Between 21 February and 31 November 2020, our clinical centres admitted 1,179 COVID-19 patients: 921 Italians (78.1%) and 258 immigrants (21.9%). Figure 1 shows monthly enrolment during the study period: there was no difference in the proportion of immigrants enrolled during the first wave of the pandemic (21 February-30 April) and the second (1 October-31 November).
Table 1 shows the patients’ baseline demographic and clinical characteristics. The Italians were significantly older than the immigrants (median age 70 years, IQR 58–79 vs 51 years, IQR 41–60; p < 0.001), and more frequently had one or more co-morbidities (79.1% vs 53.9%; p < 0.001), particularly cardiovascular (60.6% vs 29.5%) and oncological diseases (14.5% vs 6.9%) (p < 0.001 for both). The median time between the onset of COVID-19 symptoms and hospital admission was shorter among the immigrants (6 days, IQR 3–9 vs 7 days, IQR 3–19; p = 0.026), but there was no between-group difference in disease severity upon hospital admission.
Ninety-nine of the immigrants (38.4%) came from Latin America (mainly from Peru, Ecuador, and El Salvador); 72 (27.9%) from Asia (mainly from The Philippines, Bangladesh, and China); 50 (19.4%) from Africa (mainly from Egypt and Morocco); and 37 (14.3%) from central/eastern Europe (mainly Ukraine, Albania, and Romania). Table 2 shows the differences in the demographic and clinical characteristics of the immigrants by region of origin. The patients from central/eastern Europe included more women (51%) than the other groups (p = 0.015). The patients from Latin America were characterised by a non-statistically significant higher prevalence of obesity and a longer time interval between symptom onset and hospital admission than the other non-Italians (p = 0.015), and less frequent diagnoses of mild disease upon admission (p = 0.011).
Two hundred and seventy-eight of the 1,179 patients (23.5%) died in hospital within a median of 12 days after admission (IQR 6–20 days). The mortality rate was higher among the Italians (245/921, 26.6%) than among the immigrants as a whole (33/258, 12.8%) (p < 0.001). However, the mortality rate was higher among the immigrants from Latin America (21%) than among those from Asia (8%), central-eastern Europe (8%) or Africa (6%) (p = 0.016), and this difference remained after adjusting for potential confounders (p = 0.028).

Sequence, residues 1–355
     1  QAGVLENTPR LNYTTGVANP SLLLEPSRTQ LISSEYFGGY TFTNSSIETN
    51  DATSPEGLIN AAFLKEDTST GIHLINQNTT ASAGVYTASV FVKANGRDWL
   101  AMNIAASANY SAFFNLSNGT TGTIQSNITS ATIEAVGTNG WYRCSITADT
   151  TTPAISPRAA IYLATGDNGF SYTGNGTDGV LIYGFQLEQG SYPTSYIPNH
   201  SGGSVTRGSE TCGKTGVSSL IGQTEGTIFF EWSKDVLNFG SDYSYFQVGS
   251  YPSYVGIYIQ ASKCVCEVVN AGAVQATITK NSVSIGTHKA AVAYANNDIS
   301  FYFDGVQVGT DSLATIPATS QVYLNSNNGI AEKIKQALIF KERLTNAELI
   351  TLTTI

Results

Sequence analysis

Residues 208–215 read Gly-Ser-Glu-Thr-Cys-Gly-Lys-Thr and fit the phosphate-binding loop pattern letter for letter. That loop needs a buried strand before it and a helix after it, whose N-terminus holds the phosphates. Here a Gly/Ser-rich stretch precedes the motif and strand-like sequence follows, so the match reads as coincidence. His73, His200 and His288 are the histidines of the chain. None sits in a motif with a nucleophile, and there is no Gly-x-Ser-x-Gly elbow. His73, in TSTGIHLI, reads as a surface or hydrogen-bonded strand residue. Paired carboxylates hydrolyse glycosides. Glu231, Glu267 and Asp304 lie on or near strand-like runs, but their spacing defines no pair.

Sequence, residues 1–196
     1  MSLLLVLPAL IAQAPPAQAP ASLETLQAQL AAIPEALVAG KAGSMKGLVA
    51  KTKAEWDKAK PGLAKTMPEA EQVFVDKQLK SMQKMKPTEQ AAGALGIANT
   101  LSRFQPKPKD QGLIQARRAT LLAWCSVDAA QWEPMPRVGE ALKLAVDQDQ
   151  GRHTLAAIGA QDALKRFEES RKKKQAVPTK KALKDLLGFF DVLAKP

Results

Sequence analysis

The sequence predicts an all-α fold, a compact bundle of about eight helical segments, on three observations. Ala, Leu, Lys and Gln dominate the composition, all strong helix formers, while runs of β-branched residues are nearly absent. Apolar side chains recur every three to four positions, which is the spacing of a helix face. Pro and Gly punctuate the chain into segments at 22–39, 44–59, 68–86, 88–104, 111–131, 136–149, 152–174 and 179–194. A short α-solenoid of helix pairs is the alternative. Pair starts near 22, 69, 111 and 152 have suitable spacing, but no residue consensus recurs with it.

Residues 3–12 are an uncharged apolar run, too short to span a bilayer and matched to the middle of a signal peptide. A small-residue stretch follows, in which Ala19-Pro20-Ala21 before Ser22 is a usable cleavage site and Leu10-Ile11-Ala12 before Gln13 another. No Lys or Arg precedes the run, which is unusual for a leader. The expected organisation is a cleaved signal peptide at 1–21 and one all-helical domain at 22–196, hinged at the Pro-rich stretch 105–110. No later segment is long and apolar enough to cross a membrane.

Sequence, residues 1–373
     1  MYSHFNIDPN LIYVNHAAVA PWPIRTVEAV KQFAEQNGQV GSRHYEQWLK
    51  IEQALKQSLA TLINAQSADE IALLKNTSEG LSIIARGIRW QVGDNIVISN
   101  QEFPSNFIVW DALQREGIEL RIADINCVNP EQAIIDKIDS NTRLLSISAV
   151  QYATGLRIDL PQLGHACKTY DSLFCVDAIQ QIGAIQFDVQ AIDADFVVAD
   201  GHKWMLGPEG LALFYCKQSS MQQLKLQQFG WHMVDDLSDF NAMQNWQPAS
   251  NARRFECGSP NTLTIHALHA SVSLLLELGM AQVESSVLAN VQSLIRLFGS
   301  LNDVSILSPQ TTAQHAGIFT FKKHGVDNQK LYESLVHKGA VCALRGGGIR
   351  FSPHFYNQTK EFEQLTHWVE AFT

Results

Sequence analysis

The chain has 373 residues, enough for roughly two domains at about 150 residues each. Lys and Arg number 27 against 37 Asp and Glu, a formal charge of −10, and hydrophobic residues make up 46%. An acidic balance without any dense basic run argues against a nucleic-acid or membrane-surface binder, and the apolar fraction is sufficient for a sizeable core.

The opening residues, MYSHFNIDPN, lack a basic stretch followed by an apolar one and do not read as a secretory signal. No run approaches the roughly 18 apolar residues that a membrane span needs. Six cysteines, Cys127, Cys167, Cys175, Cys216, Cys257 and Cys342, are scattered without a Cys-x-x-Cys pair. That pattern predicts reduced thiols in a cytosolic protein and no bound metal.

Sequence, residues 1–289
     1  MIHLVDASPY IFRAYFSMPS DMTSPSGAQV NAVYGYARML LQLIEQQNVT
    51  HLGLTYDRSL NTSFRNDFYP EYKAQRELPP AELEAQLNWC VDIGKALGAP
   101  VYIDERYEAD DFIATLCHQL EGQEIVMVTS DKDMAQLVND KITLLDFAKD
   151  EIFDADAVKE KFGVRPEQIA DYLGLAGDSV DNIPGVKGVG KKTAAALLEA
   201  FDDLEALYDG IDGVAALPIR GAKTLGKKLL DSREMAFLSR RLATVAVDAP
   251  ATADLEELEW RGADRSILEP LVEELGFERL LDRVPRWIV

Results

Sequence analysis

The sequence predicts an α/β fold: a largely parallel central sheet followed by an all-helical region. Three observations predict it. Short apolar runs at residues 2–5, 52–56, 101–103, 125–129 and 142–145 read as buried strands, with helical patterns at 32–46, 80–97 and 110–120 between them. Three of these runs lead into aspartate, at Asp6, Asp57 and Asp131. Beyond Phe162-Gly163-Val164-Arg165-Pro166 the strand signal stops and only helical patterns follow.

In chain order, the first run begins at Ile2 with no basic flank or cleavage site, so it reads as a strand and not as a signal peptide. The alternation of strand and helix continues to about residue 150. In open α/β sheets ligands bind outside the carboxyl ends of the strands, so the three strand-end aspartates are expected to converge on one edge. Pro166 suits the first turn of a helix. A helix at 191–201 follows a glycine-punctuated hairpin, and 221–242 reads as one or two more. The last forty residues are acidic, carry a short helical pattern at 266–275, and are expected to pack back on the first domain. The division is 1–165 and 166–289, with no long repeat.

Figure 2A and B show the Kaplan–Meier and adjusted survival curves of the Italians and immigrants. The overall probability of COVID-19-related death within 30 days of hospital admission was higher among the Italians: 24%, 95 CI: 21–27% vs 11%, 95 CI: 8–15%.; however, after adjusting for age, biological sex, time from symptom onset, obesity, and disease severity upon hospital admission, there was no between-group difference in 30-day mortality.
Figures 3A and B show the Kaplan–Meier and adjusted survival curves of the patients by region of origin. Latin Americans had the second highest probability of dying within 30 days of hospital admission (17%, 95 CI: 10–25%) but, after adjusting for age, biological sex, time from symptom onset, obesity, and disease severity upon hospital admission, it was the highest.
Uni- and multivariable Cox proportional hazard models assessing the effect of immigrant status and region of origin on the risk of COVID-19-related death
Table 3 shows the results of the uni- and multivariable analyses of the factors associated with COVID-19-related death.
The crude risk of COVID-19-related death among the immigrants was lower than among the Italians (HR 0.43, 95% CI 0.30–0.63; p < 0.0001). Moreover, the risk of COVID-19-related death among the immigrants from Africa (HR 0.20, 95% CI 0.06–0.63; p = 0.006), Asia (HR 0.28, 95% CI 0.12–0.63; p = 0.002), and central/eastern Europe (HR 0.27, 95% CI 0.09–0.84; p = 0.024) was lower than that of the Italians, whose risk was not significantly different from that of the Latin Americans (HR 0.74, 95% CI 0.47–1.15; p = 0.183) (Table 4).
However, when the Cox model was adjusted for possible confounders, there was no significant difference in the risk of death between the immigrants and the Italians (adjusted HR [aHR] 1.04, 95% CI 0.70–1.55; p = 0.831). Moreover, being of Latin American origin was independently associated with an increased risk of COVID-19-related death (aHR vs Italians 1.95, 95% CI 1.17–3.23; p = 0.010). The multivariable analyses also confirmed that age (aHR 1.07 per 1 year more, 95% CI 1.06–1.08; p < 0.0001), male biological sex (aHR: 1.46, 95% CI 1.12–1.92; p = 0.006), obesity (aHR: 1.64, 95% CI 1.23–2.20; p = 0.001), and disease severity upon hospital admission (severe disease (HR 3.76, 95% CI 1.78–7.93; p = 0.001; critical disease: aHR 8.52, 95% CI 4.09–17.76; p < 0.0001) were all independently associated with a higher risk of COVID-19-related death.
The integrated AUC-ROC values of the final model were 0.828 (Italians vs immigrants as a whole) and 0.824 (Italians vs immigrants stratified on the basis of their region of origin), and the GVIF values did not indicate the presence of multi-collinearity among the independent variables included in the final model.